Federal regulators voted Wednesday to give airline passengers high-speed Internet connections while they fly.
The unanimous vote by the Federal Communications Commission means air travelers could be surfing the Web by 2006.
"If there is a theme for this meeting, it is that we want (new technologies) on the land, in the air, and on the sea" FCC Chairman Michael Powell said. "We are pushing the frontiers in order to bring the information age to all corners of the world."
The FCC also voted to solicit comments from the public about ending the ban on in-flight use of cell phones. Among the issues to consider are whether passengers want to be surrounded by cell phone conversations.
"The ability to communicate is a vital one, but good cell phone etiquette is also essential," Commissioner Jonathan Adelstein said. "Our job is to see if this is possible and then let consumers work out the etiquette."
David Stempler, president of the Air Travelers Association, a passenger advocacy group, said allowing Internet access would "make business travelers more efficient and while away the time for a lot of other passengers. This is all the wave of the future here."
Currently, the only way passengers on domestic flights can communicate with the ground is through phones usually built into the seat backs. That service isn't very popular: It costs far more than conventional or cell phones — about $3.99 a minute — and the reception often is poor.
Of the three companies that initially offered that service on commercial jets, only Verizon Airfone remains. It has phones on about 1,500 jets.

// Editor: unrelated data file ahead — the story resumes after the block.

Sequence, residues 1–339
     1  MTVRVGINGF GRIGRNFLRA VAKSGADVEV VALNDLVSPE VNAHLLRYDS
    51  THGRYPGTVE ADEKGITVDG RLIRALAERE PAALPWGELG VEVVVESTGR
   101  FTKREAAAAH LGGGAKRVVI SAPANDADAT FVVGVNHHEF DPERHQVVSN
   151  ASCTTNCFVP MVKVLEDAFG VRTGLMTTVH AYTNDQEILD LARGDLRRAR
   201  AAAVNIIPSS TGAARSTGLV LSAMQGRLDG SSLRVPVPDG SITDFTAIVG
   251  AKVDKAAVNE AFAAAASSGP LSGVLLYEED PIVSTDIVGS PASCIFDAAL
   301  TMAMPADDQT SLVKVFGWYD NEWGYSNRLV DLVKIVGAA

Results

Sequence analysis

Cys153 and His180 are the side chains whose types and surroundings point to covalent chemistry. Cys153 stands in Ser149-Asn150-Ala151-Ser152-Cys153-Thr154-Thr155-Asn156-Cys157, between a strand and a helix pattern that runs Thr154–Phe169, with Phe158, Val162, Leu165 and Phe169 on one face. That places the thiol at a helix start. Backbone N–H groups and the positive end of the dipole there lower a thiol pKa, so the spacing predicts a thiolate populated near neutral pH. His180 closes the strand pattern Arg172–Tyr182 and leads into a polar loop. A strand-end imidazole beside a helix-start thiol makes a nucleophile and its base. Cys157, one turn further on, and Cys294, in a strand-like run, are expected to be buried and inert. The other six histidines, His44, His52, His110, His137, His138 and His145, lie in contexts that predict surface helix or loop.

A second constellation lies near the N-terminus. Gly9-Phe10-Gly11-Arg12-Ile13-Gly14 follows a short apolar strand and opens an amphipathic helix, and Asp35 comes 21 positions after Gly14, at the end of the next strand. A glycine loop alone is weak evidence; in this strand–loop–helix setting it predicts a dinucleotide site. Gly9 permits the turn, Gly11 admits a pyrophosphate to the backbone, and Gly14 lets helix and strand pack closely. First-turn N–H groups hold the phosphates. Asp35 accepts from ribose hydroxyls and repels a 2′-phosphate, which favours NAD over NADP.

The FCC approved a measure to restructure how frequencies for such "air-to-ground" services are used and allow the airlines to offer wireless high-speed Internet connections.
Left undecided was the issue of how many companies the FCC would allow, through an auction, to offer such services. Verizon Airfone maintains that letting one company handle the service would ensure the best quality.
Others, including Boeing Co. and AirCell, argue for two competitors to prevent one company from having a monopoly. FCC officials said the auction would take place within a year.
Once plans are completed and planes outfitted with the equipment, high-speed Internet access might be found on commercial domestic flights by 2006, said Jack Blumenstein, chairman and CEO of Louisville, Colo.-based AirCell.
The timeline on when air travelers would be able to start using cell phones in flight is murkier, in part because both the FCC and the Federal Aviation Administration ban the practice.
The FCC took up the issue Wednesday in an effort to start public discussion, and commissioners might eventually relax the rules or lift the ban entirely. Of most concern to FCC officials is how using a cell phone in an airplane would interfere with cell phone use on the ground.
The FAA concern is over whether airborne cell phone could interfere with a plane's navigation and electrical systems, agency spokeswoman Laura Brown said. The technology used on seat-back phones and being considered for use for wireless Internet hookups causes no such interference.
The FAA has commissioned a private, independent firm to study the issue. Results aren't due until 2006. The FAA will not make its decision on cell phone use until after the study is completed, Brown said.
Allowing high-speed Internet access and cell phone use on planes could offer cash-strapped airline companies a new source for revenues, said Doug Wills, spokesman for the Air Transport Association, the major airlines' trade group.
Still, airlines must weigh the demand for such service against the desire of other passengers for a quiet cabin, Wills said. "Some people see a cell-free environment as a good thing," he said.